Japanese Missile Defense Failed to Detect North Korean Missile Tests

According to the site Defenseworld.net, the Japanese Anti-Missile Defense, made up of radar systems on the Japanese coast and the Aegis systems equipping the Kongo class destroyers and derivatives, were unable to follow the latest tests of the short-range ballistic missile KN-23 launched from North Korea. Indeed, the missile, which uses a semi-ballistic trajectory like the Russian Iskander system, operates at an altitude of around 60 km, placing it below the engagement ceiling of anti-missile systems like the THAAD and the SM3/6. , but above anti-aircraft systems like the Patriot or the SM2. In addition, the missile can evolve during its semi-ballistic flight, making the pre-determination of its trajectory impossible by the computers of the anti-ballistic missile systems.

We had already reported this specificity of the new North Korean missile, such as that of the Russian Iskander missiles, or the Iranian Fateh 110, allowing these systems to take advantage of the limitations of current anti-missile systems. But if the limitations of the missiles were known, this is the first time that a limitation of the detection systems has appeared, in particular the Aegis system, which Japan acquired at great expense to equip its 8 Kongo, Atago and Maya class destroyers. , equipped with the very expensive AN-SPY1-D radar and SM3 and SM6 missiles, which also equip the Ticonderoga cruisers and the American Arleigh Burkes destroyers, the Australian Hobarts, the Norwegian Fridjofts, the Spanish Alvaro de Basan and the Sejong the great south -Korean.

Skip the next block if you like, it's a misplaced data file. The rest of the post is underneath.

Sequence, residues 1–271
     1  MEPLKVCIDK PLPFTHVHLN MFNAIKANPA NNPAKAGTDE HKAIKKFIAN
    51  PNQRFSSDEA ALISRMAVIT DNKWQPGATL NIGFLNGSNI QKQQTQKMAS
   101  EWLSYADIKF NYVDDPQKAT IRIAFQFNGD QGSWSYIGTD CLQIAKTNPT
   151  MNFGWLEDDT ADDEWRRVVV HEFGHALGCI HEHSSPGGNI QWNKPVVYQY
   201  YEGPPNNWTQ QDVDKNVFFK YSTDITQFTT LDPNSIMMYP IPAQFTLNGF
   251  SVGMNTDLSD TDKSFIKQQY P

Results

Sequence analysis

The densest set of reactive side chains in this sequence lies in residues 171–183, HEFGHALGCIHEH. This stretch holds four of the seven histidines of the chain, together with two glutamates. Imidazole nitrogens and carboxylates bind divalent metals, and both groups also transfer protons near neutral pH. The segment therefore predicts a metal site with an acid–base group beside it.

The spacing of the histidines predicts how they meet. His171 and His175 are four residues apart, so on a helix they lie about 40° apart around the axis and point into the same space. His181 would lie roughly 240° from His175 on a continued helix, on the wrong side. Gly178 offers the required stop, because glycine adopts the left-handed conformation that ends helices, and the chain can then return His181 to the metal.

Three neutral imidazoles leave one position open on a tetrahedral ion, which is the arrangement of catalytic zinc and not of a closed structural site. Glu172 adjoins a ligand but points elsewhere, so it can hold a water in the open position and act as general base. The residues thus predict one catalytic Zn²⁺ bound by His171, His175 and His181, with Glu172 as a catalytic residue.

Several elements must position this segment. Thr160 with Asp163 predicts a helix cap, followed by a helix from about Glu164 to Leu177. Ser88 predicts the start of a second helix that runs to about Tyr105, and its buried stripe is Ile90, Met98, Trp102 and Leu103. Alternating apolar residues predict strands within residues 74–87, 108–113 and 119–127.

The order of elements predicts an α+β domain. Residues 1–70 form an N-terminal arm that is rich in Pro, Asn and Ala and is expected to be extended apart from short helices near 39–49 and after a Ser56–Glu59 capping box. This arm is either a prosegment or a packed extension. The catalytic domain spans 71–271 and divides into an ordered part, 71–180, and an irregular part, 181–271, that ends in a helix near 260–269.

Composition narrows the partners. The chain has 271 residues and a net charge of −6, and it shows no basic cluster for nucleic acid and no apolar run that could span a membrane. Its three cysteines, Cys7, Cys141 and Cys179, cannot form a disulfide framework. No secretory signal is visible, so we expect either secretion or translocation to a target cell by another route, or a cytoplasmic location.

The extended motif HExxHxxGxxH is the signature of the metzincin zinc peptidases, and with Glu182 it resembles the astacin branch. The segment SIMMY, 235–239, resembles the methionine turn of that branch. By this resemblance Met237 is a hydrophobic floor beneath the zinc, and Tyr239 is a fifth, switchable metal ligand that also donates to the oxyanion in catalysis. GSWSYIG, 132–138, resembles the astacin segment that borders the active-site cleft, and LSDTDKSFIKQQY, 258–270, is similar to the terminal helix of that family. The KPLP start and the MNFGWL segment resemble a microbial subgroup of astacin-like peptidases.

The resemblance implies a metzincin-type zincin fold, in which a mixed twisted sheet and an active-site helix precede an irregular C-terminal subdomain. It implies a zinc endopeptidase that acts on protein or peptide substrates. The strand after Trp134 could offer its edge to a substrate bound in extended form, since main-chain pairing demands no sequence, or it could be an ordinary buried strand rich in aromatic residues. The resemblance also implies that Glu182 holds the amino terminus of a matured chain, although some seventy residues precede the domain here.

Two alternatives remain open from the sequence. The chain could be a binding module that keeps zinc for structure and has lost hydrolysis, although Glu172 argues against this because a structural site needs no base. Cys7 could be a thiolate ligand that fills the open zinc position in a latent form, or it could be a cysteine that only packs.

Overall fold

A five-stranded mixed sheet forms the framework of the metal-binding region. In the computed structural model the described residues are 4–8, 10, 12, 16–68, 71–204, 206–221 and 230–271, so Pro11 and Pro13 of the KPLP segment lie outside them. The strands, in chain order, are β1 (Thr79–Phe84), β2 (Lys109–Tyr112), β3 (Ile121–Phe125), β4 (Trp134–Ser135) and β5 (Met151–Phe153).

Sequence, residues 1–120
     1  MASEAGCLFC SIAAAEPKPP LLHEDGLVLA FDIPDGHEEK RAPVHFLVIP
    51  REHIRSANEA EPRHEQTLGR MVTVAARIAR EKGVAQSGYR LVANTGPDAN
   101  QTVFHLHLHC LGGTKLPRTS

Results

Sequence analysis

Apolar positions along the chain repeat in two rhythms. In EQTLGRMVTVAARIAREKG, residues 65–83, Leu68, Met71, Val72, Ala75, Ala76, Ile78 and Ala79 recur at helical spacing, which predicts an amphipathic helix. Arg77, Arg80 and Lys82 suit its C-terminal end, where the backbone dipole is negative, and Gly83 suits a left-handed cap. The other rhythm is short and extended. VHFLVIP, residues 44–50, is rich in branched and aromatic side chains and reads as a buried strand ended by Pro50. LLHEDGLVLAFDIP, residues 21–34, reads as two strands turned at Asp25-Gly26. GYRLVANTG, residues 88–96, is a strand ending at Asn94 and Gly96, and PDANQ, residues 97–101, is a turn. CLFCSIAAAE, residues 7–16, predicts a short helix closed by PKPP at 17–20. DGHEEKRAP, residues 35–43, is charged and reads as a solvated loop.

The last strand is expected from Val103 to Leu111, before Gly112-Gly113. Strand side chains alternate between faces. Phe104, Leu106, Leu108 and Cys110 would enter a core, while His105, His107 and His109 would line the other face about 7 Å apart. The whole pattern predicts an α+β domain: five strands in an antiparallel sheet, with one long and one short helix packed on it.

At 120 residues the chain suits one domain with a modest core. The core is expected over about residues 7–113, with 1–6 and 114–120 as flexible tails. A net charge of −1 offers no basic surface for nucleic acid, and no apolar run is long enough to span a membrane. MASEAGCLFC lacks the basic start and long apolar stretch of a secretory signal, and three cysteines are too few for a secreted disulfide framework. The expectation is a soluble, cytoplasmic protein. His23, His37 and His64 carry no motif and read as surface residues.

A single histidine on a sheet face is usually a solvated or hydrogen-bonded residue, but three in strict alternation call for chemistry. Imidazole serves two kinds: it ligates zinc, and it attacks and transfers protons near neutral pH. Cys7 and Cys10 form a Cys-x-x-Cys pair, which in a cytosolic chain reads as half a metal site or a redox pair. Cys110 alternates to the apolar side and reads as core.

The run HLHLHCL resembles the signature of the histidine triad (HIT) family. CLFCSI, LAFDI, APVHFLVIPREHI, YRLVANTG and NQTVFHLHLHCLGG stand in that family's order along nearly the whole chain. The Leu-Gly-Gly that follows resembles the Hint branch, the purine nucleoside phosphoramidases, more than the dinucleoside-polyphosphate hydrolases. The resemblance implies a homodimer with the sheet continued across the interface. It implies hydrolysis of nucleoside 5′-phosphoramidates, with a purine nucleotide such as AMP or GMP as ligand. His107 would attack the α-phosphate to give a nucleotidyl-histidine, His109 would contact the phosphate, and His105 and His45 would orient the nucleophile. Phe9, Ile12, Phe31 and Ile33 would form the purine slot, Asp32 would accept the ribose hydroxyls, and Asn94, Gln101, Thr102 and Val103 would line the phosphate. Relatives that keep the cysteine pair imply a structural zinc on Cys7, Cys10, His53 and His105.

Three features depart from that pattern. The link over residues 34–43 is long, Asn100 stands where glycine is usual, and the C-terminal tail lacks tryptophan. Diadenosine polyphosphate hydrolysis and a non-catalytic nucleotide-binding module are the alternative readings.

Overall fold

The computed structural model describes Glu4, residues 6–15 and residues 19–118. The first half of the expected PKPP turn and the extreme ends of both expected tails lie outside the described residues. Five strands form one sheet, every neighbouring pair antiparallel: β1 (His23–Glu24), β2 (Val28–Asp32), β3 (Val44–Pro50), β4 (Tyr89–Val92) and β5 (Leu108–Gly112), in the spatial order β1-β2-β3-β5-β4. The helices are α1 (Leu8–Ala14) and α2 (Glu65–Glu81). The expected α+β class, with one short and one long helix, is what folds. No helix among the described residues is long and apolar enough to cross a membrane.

Hades ground system 01d Defense News | Nuclear weapons | North Korea
Withdrawn from service in 1997 after only 6 years, the French Hades was already adopting a semi-ballistic trajectory to thwart the anti-missile defenses of the Warsaw Pact.

However, this type of trajectory is not new. Indeed, in 1991, the new French tactical ballistic missile Hades, intended to replace the Pluton missiles, already adopted this flight profile, with the aim of thwarting the S300 anti-missile defenses in service with the Soviet forces. The disappearance of the Warsaw Pact and then of the Soviet Union led to the withdrawal of the Hades from service in 1997, which, however, had a significant lead in the field of short-range ballistic weapons.

In fact, the new North Korean missile, whose range allows it to reach Japanese coasts, now represents a real threat against the country, until now confident in its anti-missile shield, facing North Korea all the way. less. Long considered a weapon from another time, the tactical ballistic missile has evolved to thwart anti-ballistic systems, and is now establishing itself as a formidably effective, and relatively inexpensive, first-line weapon, putting it within the reach of many budgets. In this area, French expertise is unique in Europe, and deserves to be updated to equip European Defense with similar systems, to strengthen the continent's overall deterrence.

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